I want to talk to the executive to express how uncomfortable I feel about the situation and learn his thoughts on what's happening. I also want to talk to the guy in charge at the new company about this. It's a small office (and no HR), so the minute I mention something, there is no turning back.

But before doing any of this I need a reality check on if I'm overreacting.

Thanks.

Mary Ellen Slayter: You are completely overreacting. Even if you hadn't gotten the job, there wouldn't be anything unethical about this. Enjoy your new job and drop this.

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Re: Informational Interviews: Some colleges have programs for setting these up for their alumni. Might be worth checking out if you're a college grad.

Mary Ellen Slayter: Yep. And you'd be surprised at how people are to talk about their jobs.

UMd journalism students sometimes e-mail me, asking about my job. I'm happy to oblige them as long as I have time, whether by e-mail, phone or in person.

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Arlington, Va.: When giving salary requirements, is it necessary to provide a range, as you suggested? I'm not sure why I would put an upper limit on the salary.

Mary Ellen Slayter: Well, it's either going to be a range, or a single number. A range gives you some flexiblity.

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Washington, D.C.: I'm trying to negotiate a modified work schedule for when I return to work after maternity leave. I want to arrive and leave a half hour earlier than I do now so that I can get to my daycare on time. My supervisor at first said no, then changed her mind several weeks later, then changed her mind back to no again. I do not want to leave this job, but if she will not let me modify my hours I'm going to have to start looking for another position elsewhere. I do feel like I have a good argument about why she should let me change my schedule - most of my work can be done at any time, I have almost no face-to-face contact with the internal clients we support, I work very hard, I get excellent reviews, I'm willing to work overtime on a weekend if it's needed.

She's told me in the past that I'm her best employee, so it seems like she'd want to work with me on this. But, she tends to be a little cold, and looks at things only from her perspective and how it affects her. She is not going to care whether or not a refusal to accommodate me will make me unhappy. But I'm positive she will regret losing me because I am a good employee and she just lost several other people all in the last 2 weeks. How do I negotiate with this type of person? Should I try to get this ironed out before I go on leave, or let it rest until I'm getting ready to come back?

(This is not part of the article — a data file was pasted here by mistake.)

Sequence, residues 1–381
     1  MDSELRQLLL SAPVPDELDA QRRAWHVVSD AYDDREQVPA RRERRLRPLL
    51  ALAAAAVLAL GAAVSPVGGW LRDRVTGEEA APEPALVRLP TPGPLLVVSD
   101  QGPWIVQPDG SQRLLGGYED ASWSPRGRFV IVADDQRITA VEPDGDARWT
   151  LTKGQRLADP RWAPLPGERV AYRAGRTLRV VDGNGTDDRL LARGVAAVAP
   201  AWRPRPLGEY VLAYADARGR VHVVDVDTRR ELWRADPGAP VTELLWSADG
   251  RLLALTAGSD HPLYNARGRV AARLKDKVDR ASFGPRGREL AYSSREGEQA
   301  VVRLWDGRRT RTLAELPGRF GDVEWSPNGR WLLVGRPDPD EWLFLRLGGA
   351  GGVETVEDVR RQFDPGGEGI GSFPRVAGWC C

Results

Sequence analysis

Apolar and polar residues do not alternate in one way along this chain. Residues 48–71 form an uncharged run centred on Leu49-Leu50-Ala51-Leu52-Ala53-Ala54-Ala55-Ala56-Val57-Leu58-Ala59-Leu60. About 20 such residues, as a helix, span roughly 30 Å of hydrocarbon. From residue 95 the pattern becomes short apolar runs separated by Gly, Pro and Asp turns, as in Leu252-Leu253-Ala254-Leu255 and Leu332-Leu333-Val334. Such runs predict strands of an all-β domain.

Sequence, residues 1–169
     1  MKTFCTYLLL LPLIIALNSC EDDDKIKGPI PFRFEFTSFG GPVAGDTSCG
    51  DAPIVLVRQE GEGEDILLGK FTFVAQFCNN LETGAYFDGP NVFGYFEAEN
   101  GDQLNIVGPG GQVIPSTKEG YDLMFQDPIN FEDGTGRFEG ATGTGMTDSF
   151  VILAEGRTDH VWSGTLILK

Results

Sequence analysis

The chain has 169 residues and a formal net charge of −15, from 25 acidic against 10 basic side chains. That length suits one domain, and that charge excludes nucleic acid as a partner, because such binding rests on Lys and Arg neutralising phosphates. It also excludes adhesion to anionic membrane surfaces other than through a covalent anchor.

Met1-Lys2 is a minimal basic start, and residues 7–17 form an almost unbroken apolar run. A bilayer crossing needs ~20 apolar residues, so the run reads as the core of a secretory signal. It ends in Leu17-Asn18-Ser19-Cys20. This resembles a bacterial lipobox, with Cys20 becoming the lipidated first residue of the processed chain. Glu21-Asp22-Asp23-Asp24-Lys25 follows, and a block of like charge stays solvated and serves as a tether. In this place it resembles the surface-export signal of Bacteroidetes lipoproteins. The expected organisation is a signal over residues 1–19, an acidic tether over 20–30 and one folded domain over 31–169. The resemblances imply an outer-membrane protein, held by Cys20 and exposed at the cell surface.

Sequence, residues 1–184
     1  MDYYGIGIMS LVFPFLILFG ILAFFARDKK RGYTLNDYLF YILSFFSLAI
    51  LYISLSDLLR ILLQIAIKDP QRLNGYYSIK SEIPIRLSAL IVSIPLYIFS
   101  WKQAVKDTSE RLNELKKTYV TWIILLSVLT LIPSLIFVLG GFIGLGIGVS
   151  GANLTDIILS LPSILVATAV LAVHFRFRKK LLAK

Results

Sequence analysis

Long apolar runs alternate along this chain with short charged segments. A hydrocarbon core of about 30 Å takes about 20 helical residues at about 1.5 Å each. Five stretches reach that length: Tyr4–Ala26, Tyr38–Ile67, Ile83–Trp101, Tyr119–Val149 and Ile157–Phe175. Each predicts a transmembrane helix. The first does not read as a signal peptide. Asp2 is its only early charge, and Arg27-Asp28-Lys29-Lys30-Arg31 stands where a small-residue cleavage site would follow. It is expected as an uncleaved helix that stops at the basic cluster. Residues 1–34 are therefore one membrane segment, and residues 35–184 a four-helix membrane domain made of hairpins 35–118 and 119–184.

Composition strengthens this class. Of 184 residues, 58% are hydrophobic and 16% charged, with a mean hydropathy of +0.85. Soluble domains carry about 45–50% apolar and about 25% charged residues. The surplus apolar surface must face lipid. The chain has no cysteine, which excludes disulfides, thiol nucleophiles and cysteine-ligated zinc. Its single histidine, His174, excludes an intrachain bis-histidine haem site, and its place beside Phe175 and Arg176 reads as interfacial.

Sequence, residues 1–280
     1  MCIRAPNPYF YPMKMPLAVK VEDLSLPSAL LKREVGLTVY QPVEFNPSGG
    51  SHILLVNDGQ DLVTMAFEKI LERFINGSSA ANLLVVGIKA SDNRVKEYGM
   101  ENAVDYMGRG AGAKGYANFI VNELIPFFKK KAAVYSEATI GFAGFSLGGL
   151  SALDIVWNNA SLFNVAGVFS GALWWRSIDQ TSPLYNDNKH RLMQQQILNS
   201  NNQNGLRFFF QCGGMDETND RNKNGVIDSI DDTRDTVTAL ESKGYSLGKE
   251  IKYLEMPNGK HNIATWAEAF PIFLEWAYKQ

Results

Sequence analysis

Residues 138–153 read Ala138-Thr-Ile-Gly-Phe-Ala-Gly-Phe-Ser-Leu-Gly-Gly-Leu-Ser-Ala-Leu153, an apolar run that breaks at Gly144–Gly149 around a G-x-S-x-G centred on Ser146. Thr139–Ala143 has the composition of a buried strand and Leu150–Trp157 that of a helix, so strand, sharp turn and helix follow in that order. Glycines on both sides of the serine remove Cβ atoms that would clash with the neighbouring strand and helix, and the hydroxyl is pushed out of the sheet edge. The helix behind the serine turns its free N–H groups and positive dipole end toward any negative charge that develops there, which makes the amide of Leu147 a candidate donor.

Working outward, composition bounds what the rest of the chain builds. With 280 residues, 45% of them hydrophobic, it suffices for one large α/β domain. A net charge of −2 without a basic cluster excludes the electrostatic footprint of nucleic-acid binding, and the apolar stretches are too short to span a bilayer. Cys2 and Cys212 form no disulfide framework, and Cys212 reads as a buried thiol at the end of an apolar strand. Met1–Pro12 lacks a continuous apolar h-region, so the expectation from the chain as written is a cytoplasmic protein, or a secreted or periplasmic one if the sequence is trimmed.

Mary Ellen Slayter: Can I just say that it sounds like your employer sounds like an idiot? Is she really willing to lose you over this perfectly reasonable request? I say let it rest until it's time to come back.

I'm going to take this opportunity to plug a presentation I'm giving this weekend for the Women's Center on asking for a flexible schedule. It's in Vienna, on Saturday, from 2-4 pm. Find out more: http://www.thewomenscenter.org/calendar_day.asp?date=6/14/2008

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D.C.: 'Elite colleges only'. It may not be illegal but it sure is short-sighted. Pretty surprising coming from a company started by a couple of college students who had yet to earn ANY degree.

BTW - I hope nobody from a 'non-elite' college would let that stop them from applying. I often tell people if they have 60-70% of the qualifications listed, apply anyway. Lots of places describe their cadillac candidate, when in the end they hire a nice reliable Toyota.

Mary Ellen Slayter: Yes, of course others should still apply.

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Dupont Circle: The agency is the Dept. of Commerce

Mary Ellen Slayter: Cool! Thanks for sharing!

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Mary Ellen Slayter: Thanks for all your comments and questions. See y'all in a couple of weeks.

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Editor's Note: washingtonpost.com moderators retain editorial control over Discussions and choose the most relevant questions for guests and hosts; guests and hosts can decline to answer questions. washingtonpost.com is not responsible for any content posted by third parties.